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This course is a collection of short Photoshop and Illustrator projects and creative effects that can be completed in ten minutes or less. The series is taught by computer graphics guru Deke McClelland, and presented in his signature step-by-step style. The intent is to reveal how various Photoshop and Illustrator features can be combined and leveraged in real-world examples so that they can be applied to creative projects right away.
Hey gang! This is Deke McClelland. Welcome to Deke's Techniques, I tell ya! This week we're going to take that incredibly cool, entirely untrademarked superhero shield that we created in Illustrator last week and we're going to bring it over into Photoshop and make it photorealistic. Now, this is a two-parter. So we're going to start things off by grabbing all these shapes, the star and the four circles, which are easier to create in Illustrator than they are in Photoshop, and then we're going to copy and paste them into Photoshop and turn them into independent shape layers, which is quite the trick I tell you.
And then we're going to add some layer effects in order to give the shield depth. Here, let me show you exactly how it works. In this movie, we're going to take that superhero shield that we created inside Illustrator and we're going to bring it into Photoshop, and the result is going to be, instead of having this wildly graphical effect that we were able to create in the previous movie, we're going to end up with this more photographic effect. Basically, the idea is that both programs lend you a certain look and feel to your images, and you just have to decide which way you're going to go.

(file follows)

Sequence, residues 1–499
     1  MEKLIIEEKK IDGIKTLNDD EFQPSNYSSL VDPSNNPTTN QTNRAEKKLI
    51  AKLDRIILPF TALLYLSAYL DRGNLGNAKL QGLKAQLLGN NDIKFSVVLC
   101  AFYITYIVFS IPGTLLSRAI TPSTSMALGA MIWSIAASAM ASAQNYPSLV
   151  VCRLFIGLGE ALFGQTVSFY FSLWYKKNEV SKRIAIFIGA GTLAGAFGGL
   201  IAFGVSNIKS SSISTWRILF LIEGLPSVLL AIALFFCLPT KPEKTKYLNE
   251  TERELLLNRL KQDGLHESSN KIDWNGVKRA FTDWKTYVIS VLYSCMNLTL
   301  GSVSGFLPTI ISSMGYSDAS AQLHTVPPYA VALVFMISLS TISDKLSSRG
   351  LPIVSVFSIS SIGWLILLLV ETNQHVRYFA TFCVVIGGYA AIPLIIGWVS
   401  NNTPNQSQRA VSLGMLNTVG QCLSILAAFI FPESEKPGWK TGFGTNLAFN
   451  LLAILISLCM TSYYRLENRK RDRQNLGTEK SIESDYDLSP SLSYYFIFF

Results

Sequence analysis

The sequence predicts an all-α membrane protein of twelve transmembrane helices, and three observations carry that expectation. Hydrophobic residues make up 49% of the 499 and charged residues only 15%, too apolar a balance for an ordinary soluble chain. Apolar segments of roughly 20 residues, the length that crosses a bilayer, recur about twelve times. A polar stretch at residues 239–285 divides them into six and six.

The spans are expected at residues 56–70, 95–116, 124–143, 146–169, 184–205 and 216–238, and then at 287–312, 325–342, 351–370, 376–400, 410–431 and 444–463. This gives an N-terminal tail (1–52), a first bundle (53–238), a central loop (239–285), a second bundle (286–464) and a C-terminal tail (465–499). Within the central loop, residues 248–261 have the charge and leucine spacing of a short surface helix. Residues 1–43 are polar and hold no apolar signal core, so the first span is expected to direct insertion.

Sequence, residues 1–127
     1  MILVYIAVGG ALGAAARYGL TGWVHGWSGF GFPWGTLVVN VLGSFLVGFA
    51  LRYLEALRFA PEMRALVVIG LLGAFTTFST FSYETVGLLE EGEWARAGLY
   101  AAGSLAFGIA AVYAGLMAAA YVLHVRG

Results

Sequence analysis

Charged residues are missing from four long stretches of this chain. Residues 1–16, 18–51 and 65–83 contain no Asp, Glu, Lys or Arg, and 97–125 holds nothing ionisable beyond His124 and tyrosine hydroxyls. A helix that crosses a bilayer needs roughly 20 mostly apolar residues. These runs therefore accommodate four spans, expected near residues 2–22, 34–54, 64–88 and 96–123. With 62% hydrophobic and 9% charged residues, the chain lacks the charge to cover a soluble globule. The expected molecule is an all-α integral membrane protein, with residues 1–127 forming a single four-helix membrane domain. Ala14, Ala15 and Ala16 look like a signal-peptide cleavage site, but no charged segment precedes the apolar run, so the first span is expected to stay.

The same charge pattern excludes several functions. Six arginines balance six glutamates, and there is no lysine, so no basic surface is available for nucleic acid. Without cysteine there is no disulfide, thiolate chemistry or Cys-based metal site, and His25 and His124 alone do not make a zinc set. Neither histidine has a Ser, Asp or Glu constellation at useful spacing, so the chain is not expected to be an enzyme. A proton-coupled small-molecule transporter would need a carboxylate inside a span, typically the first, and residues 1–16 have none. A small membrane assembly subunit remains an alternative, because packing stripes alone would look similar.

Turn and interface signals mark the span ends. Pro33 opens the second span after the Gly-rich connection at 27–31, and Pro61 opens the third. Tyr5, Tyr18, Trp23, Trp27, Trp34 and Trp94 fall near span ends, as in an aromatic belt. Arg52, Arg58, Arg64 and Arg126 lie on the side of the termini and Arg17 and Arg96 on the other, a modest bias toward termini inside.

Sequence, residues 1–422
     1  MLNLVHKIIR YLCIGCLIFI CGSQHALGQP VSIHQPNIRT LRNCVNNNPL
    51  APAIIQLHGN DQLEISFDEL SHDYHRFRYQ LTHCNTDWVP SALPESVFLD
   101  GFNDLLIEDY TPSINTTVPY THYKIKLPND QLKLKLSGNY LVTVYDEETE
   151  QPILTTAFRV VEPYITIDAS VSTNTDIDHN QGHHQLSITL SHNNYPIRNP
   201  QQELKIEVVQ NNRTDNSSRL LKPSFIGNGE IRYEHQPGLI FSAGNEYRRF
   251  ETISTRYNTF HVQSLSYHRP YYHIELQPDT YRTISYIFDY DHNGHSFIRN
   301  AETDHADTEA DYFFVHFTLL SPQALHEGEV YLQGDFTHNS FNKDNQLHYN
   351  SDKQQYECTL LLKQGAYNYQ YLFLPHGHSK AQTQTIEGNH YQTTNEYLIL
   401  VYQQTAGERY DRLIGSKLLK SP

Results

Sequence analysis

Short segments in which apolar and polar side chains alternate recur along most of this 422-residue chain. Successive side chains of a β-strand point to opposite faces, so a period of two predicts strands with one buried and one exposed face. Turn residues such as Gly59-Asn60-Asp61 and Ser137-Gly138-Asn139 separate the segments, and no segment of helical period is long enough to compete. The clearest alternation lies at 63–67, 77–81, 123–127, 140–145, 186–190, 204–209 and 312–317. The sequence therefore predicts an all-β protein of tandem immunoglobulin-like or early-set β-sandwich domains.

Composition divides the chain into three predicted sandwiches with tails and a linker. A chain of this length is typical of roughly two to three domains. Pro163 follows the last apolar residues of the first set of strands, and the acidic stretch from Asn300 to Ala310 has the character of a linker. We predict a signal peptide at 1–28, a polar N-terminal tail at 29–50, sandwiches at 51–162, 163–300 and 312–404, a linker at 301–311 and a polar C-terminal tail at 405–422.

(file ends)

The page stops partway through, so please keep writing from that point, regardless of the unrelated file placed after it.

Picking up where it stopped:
However, I will say this. It's so much easier to create these base shapes in Illustrator and then bring them over into Photoshop, which is why I'm having you work through this particular large-scale technique inside both programs. So let's start things off inside of Illustrator. And this is the file, as I say, that we created in the previous movie. I'm going to twirl open that new drawing layer, and there is a couple of objects on top that we want to turn off. They're all called Path and Clipping Mask and stuff like that, but this first item at the top is a gradient that's covering up the star and the blue circle, so I'll go ahead and turn it off.
And then the next item down called Clip Mask, it's the one that contains the Lens Flare, so let's go ahead and turn that off as well. That way we end up with the base shapes, which is to say the star, the blue circle, the red circle, the white circle, and the final red circle. I'm going to go ahead and press Ctrl+A or Command+A on the Mac to select those remaining shapes. Now, we want to copy these and bring them into Photoshop. As I say, it's easiest to create these base vector shapes in Illustrator and bring them over. However, what we don't want is the various effects that are assigned to these objects, because it will cause us problems in Photoshop.
So go up to the Window menu and choose Appearance to switch over to the Appearance panel. And then go to that flyout menu icon, click on it, and choose not Clear Appearance, because that will get rid of the fills; you want Reduce to Basic Appearance, so go ahead and choose that command. That will get rid of everything but the fills, and, if we had any, strokes. Now, you want to go up to the Edit menu and choose the Copy command or press Ctrl+C or Command+C on the Mac. Now let's switch over to Photoshop, where I have this base image called Grunge background.psd.
I'm going to go up to the Edit menu now and choose the Paste command or press Ctrl+V or Command+V on the Mac. And Photoshop will ask me which of the many ways I want to paste these objects. Usually you would go with Smart Object, but this time around we want the shape layers, so go ahead and click on Shape Layer and click OK. And now I'm going to go ahead and call this new layer "red 2" of all things, because this will eventually be our outer red stripe. Now, I'll switch over to the Black Arrow tool, which Photoshop calls the Path Selection tool.